GM touts its success in China before IPO

The Detroit News, November 12, 2010

Partner Shanghai Automotive gives it edge in growing market

Christine Tierney / The Detroit News

As General Motors Co. courts investors for next week's initial public stock offering, it's still struggling with losses in Europe and a weak recovery at home, but can point to one prize asset: its thriving operations in China.

There, in the world's biggest auto market, GM has outrun most of its competitors.

This year, GM and its venture partners have sold more than 2 million cars and trucks in China, generating $1.1 billion in income for GM, more than a fourth of its $4.2 billion profit through the first three quarters of 2010.

It wasn't among the first automakers to venture into China, but in the 13 years since GM teamed with Shanghai Automotive Industry Corp., it has become a leading player there.

Compared with the grim picture in Europe, where GM's losses deepened in the third quarter to $559 million, the business in China is providing steady income and growth opportunities. The two automakers are working together now to target the fast-growing Indian car market.

As successful as the Shanghai Automotive-GM partnership is, analysts caution that it's hard to project a long-term value for GM's China business because of complicated politics in the new superpower, and intricate business regulations.

GM's current success rides partly on unexpectedly strong growth in China's auto market, where 2010 sales are forecast to exceed last year's 13.6 million vehicles. But it also reflects smart moves by GM, which sells three times as many global-branded vehicles there as Ford Motor Co., according to J.D. Power and Associates.

GM brought the right vehicles to China, and the right brands, said Bill Russo, president of Synergistics Ltd., a Beijing-based auto consulting firm.

"They also happen to work with probably the best automaker in China, Shanghai Automotive," Russo said. "GM has cultivated a very good and healthy relationship with them."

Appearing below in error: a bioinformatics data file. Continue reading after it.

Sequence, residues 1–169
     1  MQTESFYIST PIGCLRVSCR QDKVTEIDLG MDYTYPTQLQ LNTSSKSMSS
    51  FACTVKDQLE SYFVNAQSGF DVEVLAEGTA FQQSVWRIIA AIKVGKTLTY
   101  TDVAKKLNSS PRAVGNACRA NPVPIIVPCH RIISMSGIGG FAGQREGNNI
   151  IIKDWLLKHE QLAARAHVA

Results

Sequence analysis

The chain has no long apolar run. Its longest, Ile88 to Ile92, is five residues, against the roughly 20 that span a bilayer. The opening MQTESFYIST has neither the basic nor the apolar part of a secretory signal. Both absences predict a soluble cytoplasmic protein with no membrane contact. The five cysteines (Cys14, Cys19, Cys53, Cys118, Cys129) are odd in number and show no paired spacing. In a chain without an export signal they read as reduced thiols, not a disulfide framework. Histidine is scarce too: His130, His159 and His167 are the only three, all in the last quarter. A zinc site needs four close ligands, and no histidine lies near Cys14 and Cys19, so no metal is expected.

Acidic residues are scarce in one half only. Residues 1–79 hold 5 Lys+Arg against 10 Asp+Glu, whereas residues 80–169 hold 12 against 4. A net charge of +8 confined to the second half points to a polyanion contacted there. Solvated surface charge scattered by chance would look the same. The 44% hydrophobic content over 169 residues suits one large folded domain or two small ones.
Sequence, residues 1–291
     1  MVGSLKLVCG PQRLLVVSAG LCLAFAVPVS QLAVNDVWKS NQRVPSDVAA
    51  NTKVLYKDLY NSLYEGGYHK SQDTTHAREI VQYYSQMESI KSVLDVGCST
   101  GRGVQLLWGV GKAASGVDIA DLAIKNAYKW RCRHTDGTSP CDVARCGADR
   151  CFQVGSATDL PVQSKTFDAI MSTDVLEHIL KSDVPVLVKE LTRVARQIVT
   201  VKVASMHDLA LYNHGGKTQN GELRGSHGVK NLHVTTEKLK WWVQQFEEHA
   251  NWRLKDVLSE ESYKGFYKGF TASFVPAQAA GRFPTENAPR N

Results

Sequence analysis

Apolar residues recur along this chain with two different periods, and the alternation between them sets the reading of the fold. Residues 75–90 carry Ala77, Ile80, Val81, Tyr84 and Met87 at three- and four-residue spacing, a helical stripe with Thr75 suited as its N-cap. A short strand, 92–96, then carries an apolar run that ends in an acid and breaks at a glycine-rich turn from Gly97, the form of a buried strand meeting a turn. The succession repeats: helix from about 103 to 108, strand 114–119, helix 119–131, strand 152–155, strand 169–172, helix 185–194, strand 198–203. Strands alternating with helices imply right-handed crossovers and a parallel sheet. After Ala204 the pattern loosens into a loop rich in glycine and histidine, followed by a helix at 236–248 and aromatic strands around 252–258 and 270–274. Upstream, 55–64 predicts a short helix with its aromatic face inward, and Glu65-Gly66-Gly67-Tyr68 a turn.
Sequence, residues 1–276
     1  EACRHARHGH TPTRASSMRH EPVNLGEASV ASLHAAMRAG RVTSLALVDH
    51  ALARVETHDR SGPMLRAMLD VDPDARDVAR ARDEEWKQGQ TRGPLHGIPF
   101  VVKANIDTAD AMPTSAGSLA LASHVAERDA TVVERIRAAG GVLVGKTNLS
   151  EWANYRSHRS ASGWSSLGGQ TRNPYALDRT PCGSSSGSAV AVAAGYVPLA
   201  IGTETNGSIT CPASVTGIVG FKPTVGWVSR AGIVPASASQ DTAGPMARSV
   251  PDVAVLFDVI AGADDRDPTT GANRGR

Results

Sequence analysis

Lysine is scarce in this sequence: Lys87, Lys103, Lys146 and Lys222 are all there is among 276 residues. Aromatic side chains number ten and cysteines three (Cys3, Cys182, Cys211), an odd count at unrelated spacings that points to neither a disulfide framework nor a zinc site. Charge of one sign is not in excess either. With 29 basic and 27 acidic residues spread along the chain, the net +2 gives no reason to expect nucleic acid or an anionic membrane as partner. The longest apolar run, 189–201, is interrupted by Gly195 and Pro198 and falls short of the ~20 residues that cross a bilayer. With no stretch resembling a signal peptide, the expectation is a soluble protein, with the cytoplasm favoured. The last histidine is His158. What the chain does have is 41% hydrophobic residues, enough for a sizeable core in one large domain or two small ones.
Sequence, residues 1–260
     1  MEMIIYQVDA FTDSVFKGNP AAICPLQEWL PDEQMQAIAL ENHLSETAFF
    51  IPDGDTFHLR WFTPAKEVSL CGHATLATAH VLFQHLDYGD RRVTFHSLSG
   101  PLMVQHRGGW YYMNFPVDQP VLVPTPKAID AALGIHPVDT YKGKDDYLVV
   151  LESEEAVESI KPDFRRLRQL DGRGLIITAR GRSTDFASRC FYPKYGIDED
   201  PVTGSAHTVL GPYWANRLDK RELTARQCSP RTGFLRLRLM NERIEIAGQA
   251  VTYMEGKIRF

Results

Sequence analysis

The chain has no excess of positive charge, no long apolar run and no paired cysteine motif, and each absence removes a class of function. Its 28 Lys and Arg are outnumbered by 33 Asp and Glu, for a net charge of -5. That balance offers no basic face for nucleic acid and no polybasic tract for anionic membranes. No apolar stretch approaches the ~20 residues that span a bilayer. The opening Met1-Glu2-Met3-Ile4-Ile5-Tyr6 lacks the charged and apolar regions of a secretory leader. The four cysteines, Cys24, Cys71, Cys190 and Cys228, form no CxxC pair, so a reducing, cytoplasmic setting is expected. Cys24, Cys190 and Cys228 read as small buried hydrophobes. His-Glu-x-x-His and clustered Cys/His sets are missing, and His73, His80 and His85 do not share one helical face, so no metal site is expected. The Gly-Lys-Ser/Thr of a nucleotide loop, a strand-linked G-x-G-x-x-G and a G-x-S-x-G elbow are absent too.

So good that Shanghai Automotive could become an investor in the GM IPO. Chairman Hu Maoyuan has said the company would consider buying GM shares, and U.S. Treasury Department officials have indicated they would not oppose it.

Still, the unusual structure of the country's auto industry entails risks.

Generally, automotive venture partnerships involve secondary, small-scale operations, but they're crucial in China, where foreign manufacturers may produce vehicles only in ventures with local carmakers.

Joint ventures are inherently less stable than wholly owned businesses — and that's especially true in China, where most big domestic automakers have more than one partner, analysts say.

State-owned Shanghai Automotive's other foreign partnership is with Germany's Volkswagen AG. The venture dates back to 1984, and also is flourishing.

"It's no coincidence that the most successful auto companies in China are VW and General Motors, and they both work with this particular partner," Russo said.

Drawing on the knowledge gained from its ventures, Shanghai Automotive is developing its own line of Roewe brand upscale vehicles.

Last year, China experts wondered if GM's sale of 1 percent of its venture stake to Shanghai Automotive, conceding majority status to its partner, signaled a shift in the balance of power.

Nick Reilly, now president of GM Europe but then head of international operations, told reporters last year that Shanghai Automotive had, in turn, helped GM gain access to Chinese banks.

"GM was in desperate straits," said Michael Dunne, head of Hong Kong-based investment advisory firm Dunne & Co.

Joseph Liu, a former GM executive who works at Shanghai GM, said recently that Shanghai Automotive could become a competitor as it develops. But for now, he said, it's in GM's interest to have a strong partner in China.

Analysts agree. "The reality is, the opportunity is so much greater than the risk," Russo said.

This month, Shanghai Automotive and GM announced plans to deepen their cooperation and work together in key areas, such as the development of electric cars, and share more parts.

The two automakers and their Liuzhou-based partner, Wuling Motors, also are developing entry-levels cars under a new brand, Baojun, which means "Treasured Horse" in Chinese.

The venture partners are pooling their strengths — GM's production facilities in India and the Chinese companies' ability to produce small vehicles at low cost — to target the booming Indian and other South Asian markets.

The deal marks the first time that a Chinese automaker is teaming up with a venture partner to tackle overseas markets.

"That's huge," said Dunne, who is writing a book about GM's experience in China.

"They're the most promising markets for the next 10 years."

Staff Writers David Shepardson and Christina Rogers contributed.

Staff Writers David Shepardson and Christina Rogers contributed.

From The Detroit News: http://detnews.com/article/20101112/AUTO01/11120385/GM-touts-its-success-in-China-before-IPO#ixzz159RgWPnk

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